Written by Jaz Popa

Protein is a vital nutrient that we must all get in our diet. It gives us energy and helps fuel our bodies. It is also essential for building our bodies. Protein makes muscles, tendons, organs, skin, enzymes, hormones, and more. Protein carries oxygen throughout our bodies and makes antibodies that can fight infections. Not getting enough protein in our diets can be detrimental to our health by causing tissue to break down. That being said, protein is obviously very important to consume, however we don’t need as much as you might think!  

MyPlate recommends that half of our plate be fruits and veggies whereas just a quarter of it should be protein. However, most Americans plates look the opposite. Half the plate is often filled with protein and then there is a small side of vegetables. This is very apparent in many restaurants.  

The amount of protein we need daily depends on our age, sex, and level of physical activity. The average sedentary woman needs 46 grams of protein per day and the average sedentary male needs 56 grams. However, the average American consumes 100 grams of protein per day, almost double of the recommended guideline.  Eating too much protein can lead to excess fat buildup and weight gain.  

Grams can be hard to visualize however, so let’s put those numbers into context. One ¼ pound hamburger patty is equal to 28 grams of protein. This means that one average sized burger patty is equal to about half of the protein we need in one day. One single chicken breast is equal to 43 grams of protein! This is almost all the protein we need on one day and that isn’t including any other food consumed throughout the day. Other foods like cheese, milk, yogurt, eggs, bacon, and fish are all high in protein and are greatly present in the American diet. Many Americans have an animal protein source in every meal they eat throughout the day. So, it can easily be seen that many Americans consumption of protein far exceeds the USDA recommended amount. This means that more of our plates are filled with protein rather than other nutrient rich foods like fruits and veggies! 

One common misconception about vegetables is that they don’t have protein or that they don’t have enough protein to meet our daily needs. Most vegetables do contain protein, just in smaller amounts than animal products. However, we can easily get enough protein in our diets from plants alone. Plants like legumes and grains are very high in protein. Beans have about 15 grams of protein per cup, lentils have about 18 grams per cup, peas and quinoa have about 9 grams per cup, and nuts have about 6 grams per cup. Even other veggies are rather high in protein! Corn, brussels sprouts, potatoes, asparagus, broccoli, and avocados all have about 5 grams of protein per cup. To put that into perspective, one egg is about 6 grams of protein.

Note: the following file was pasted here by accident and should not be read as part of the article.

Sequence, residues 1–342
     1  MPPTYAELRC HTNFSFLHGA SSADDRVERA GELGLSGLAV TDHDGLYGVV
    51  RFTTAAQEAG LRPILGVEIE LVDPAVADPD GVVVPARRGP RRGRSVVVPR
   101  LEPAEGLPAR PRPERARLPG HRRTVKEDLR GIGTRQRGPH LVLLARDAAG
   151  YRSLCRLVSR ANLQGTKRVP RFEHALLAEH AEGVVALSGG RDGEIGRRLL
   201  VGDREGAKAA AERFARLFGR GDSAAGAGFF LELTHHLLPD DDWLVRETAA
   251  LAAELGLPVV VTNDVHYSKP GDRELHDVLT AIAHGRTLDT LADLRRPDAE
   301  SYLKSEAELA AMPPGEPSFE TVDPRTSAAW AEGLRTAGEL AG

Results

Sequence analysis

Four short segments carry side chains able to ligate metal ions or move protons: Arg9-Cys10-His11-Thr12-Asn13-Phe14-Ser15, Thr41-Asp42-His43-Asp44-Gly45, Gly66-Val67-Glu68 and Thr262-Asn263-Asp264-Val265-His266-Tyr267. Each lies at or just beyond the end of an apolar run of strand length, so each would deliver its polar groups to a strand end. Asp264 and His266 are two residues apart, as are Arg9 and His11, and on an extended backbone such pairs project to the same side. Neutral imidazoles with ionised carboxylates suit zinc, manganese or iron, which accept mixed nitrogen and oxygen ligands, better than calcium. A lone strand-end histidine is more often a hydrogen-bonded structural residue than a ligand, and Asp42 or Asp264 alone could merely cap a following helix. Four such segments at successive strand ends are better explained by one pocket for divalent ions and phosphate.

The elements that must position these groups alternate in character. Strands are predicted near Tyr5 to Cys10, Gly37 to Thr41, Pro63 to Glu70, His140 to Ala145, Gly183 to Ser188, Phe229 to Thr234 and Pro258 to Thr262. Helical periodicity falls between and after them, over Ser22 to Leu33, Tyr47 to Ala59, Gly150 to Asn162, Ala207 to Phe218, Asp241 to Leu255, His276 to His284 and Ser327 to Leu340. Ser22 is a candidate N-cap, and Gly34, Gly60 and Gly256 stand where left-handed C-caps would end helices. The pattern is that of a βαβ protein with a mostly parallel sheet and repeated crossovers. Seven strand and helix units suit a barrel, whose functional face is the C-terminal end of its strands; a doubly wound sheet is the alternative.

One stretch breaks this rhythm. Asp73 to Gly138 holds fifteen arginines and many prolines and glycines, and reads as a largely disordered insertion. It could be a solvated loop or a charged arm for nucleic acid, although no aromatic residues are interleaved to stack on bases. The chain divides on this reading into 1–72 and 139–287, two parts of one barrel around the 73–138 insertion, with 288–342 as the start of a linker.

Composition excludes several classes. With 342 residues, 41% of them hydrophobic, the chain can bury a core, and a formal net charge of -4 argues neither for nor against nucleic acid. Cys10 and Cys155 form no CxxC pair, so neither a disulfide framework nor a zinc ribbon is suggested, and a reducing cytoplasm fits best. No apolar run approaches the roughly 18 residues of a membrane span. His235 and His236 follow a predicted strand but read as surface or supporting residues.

The main benefit of getting our protein from plants, is that we are also getting a multitude of other vital vitamin and nutrients that are often lacking in our diets. We also don’t get any saturated fat from plant-based protein as we do from animal-based protein.  

The one downside to some plant-based protein revolves around amino acids. Amino acids are the building blocks of protein. They are necessary to make proteins and maintain the tissue in our bodies. There are different amino acids and not all of them are essential, however there are some that the body is unable to make. This means that they must be consumed. There are 9 essential amino acids that we must be sure to get in our diets. All animal-based proteins contain all 9 essential amino acids. This means that they’re a complete protein. However, most plants are not complete proteins. They all contain different amino acids, so we must be more conscious when we eat plants as protein to be sure we get all the amino acids in our diet that we need.  

This is where complementary proteins come in. This is where two or more plants that may be high in one amino acid and low in another are combined to create a complete protein and have all 9 essential amino acids. For example, grains are low in lysine and high in methionine, but legumes are high in lysine and low in methionine. This means that when we eat grains and legumes together, such as rice and beans, we get a complete protein, making them complementary proteins. We don’t have to eat complementary proteins together at meals. They can be eaten at different meals; they just have to be consumed at some point throughout the day. However, there are a few plant-based proteins that are also complete proteins. Soy, quinoa, chia, hemp, amaranth, and buckwheat have all 9 essential amino acids. 

When it comes to complimentary protein combinations, the simplest thing to remember is that whole grains pair with legumes (nuts or beans) to make a complete protein. Some common complementary protein combos are: 

  • Rice and beans 
  • Corn and beans  
  • Nut butter and whole wheat bread or crackers 
  • Hummus and whole grain pita 
  • Bean or lentil soup with whole grain role 
  • Fried rice with peas 
  • Mushrooms and broccoli  
  • Many seeds and greens 

Check out these high protein plant-based recipes that make a complete protein: 

Black Bean and Vegetable Quesadillas

Apple Wraps

Easy Hummus (Better than Store-Bought)

Vegetable Pancakes

Yogurt Parfait

Lentil Mango Salad

Spicy White Bean Dip

Black-eyed Pea and Corn Salad

Rice and Beans Botana

Stir Fry

Lentil Soup

Pasta with Beans and Greens

So, when it comes to protein, remember, you don’t need as much as you think you do, and you can absolutely get enough from plants! Many plant-based foods you already eat are likely a combination that make up a complete protein. Play around with different recipes and get creative. Try new ways of getting protein in your diet, like through plants! It will be delicious and nutritious so your bellies and bodies will thank you!